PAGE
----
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Tim OBrien
George Mitchell
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George Mitchell. Looking back at this now, I made his jacked a bit soft and frumpy. I am more aware of such sartorial issues in 2007
Several years ago a series of events made it possible for me to meet and have dinner with former Senator George Mitchell. It was 1999 and I was illustrating full time and training boxers at the Y in Brooklyn. One student was a young woman who was really nice and seemed genuinely interested in learning how to box. I had a large group that I was working with and would spar with them upwards of 15 rounds non-stop. I was loving it. Illustration was also firing on all cylinders and I had done many Time covers and other prominent assignments. Unknown to me this young woman was a writer and was writing an article for the NY Times about my dual passion. She interviewed many people for the article and when it came out, it was great. Out of that I received a huge portrait commission I think because the writer wrote that I had a shamrock tattoo and was 'proudly Irish.' I think because of THAT comment and the quirky nature of my life and career, I was contacted by Irish American Magazine and told that I was named one of 100 top Irish Americans and would I do the cover? I accepted the honor and did a portrait of Senator Mitchell who had just helped push through the peace accord in Northern Ireland. I worked from reference and poured my soul into it. There was a gala on St. Patrick's Day and my wife and I went. I was briefly separated off into a room with the winners. I had a some Irish whiskey with an amazing circle of people; Frank and Malachy McCourt and Pete Hamill and Maureen Dowd just to name a few. I was one of the more civilian choices that year. Conan O'Brien was the famous O'Brien. After that we entered the ballroom where chairs were in rows before a stage and a HUGE reproduction of the cover. I was recognized from the audience as the artist and it was a blast. After it was over and we moved to a dinner, George invited my wife Elizabeth and I to have dinner with him and his wife. He was gracious and curious and talked about being a new father and the joy of that. He commented that he loved the portrait. I sent the piece to the Mitchells and have received a nice Christmas card from them every year. I was inspired to post this tonight after reading of Mr Mitchell in the NY Times and his work with the steroid investigation and report. Not only did he seem to do a thorough job with the investigation but upon releasing it on Thursday, offered this sage advice to Selig: "He recalled his time in Northern Ireland when he recommended that the players named in the report not be punished by Selig, except in the most serious cases. The transgressions are several years old, and more than half of those implicated are no longer active, he said. �I learned that letting go of the past and looking to the future is a very hard, but necessary, step toward dealing with an ongoing problem,� Mitchell said." Letting go of the past and looking to the future IS hard but it's the key to a happy life.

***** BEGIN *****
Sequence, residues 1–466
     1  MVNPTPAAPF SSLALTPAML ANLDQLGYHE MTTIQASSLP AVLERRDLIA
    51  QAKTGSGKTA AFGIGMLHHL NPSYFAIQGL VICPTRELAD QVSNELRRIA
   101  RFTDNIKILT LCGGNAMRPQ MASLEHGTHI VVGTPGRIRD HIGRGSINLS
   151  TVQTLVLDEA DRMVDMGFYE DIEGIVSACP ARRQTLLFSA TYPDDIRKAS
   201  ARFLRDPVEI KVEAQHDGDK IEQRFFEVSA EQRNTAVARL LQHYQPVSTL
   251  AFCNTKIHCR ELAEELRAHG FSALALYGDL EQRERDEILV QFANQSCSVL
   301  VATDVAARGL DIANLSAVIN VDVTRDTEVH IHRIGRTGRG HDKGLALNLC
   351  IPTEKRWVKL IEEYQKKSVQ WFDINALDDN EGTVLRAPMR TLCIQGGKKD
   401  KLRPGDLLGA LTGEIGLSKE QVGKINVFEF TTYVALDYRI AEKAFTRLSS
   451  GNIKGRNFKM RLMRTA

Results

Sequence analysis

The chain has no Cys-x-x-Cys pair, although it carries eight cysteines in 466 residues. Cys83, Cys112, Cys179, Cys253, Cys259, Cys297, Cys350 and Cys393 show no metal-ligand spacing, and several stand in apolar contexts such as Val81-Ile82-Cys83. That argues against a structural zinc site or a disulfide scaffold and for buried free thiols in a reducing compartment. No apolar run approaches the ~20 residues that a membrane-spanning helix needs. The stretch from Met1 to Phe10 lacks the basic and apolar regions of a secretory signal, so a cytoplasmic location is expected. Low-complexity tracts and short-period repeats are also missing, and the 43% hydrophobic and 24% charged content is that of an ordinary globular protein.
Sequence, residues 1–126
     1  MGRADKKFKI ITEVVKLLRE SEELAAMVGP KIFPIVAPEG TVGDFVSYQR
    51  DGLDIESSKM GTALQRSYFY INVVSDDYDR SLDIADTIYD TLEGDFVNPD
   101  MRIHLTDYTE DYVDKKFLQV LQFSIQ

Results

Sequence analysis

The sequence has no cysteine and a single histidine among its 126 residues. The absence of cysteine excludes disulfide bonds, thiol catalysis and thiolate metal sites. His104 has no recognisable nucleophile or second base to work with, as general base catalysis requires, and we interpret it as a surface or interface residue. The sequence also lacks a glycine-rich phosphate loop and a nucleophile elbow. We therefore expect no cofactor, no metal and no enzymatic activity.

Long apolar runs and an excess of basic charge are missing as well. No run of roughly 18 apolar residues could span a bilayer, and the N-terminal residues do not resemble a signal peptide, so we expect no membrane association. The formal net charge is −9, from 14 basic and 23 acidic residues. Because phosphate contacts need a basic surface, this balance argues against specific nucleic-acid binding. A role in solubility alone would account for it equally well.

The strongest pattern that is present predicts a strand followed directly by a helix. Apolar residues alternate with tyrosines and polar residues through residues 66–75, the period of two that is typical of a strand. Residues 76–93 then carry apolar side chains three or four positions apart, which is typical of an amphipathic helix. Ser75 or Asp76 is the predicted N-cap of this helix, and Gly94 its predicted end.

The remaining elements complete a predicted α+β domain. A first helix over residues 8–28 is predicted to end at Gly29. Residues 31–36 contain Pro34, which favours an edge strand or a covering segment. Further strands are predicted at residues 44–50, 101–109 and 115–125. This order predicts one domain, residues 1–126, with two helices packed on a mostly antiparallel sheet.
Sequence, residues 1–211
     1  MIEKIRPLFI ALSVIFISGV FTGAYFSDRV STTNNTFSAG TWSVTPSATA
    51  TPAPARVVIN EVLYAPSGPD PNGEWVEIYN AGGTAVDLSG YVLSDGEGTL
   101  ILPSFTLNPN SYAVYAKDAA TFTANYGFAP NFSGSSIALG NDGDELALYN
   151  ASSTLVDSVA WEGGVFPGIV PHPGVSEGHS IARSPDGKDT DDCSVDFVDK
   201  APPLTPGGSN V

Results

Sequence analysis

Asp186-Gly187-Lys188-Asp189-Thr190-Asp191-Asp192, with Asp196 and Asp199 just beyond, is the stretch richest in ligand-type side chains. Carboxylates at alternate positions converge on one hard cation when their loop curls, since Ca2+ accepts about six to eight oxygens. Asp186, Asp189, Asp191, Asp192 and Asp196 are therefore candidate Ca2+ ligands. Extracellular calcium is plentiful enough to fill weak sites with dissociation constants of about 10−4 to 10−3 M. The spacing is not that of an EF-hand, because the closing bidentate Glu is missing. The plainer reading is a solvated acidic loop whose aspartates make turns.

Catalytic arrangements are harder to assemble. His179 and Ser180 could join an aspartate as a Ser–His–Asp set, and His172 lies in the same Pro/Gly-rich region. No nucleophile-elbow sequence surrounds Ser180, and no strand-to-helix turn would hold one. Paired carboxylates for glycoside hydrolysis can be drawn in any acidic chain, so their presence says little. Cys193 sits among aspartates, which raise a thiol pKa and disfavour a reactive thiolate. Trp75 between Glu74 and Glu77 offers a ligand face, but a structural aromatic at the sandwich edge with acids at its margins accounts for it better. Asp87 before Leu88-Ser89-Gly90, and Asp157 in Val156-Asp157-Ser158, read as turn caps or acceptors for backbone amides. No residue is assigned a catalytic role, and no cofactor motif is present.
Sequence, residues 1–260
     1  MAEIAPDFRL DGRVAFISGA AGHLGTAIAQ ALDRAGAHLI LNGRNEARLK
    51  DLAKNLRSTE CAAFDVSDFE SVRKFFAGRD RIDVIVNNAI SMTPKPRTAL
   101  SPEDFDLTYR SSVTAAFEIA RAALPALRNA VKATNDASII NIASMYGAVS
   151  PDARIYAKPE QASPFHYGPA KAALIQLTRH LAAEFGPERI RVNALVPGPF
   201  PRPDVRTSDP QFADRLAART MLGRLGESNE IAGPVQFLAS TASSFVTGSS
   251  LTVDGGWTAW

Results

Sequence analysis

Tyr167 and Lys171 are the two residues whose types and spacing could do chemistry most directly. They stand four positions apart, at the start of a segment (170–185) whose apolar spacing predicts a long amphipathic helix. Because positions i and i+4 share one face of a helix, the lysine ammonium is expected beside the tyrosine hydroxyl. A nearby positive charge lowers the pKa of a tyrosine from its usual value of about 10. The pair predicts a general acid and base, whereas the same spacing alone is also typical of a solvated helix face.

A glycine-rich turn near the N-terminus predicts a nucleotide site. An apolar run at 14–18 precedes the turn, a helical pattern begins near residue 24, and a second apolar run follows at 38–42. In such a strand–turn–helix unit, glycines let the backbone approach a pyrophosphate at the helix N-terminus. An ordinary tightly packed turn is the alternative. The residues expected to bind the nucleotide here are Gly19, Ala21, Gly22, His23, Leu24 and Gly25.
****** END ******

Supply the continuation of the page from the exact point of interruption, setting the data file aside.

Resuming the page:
George Mitchell, Elizabeth, his wife Heather, and a more full faced me.


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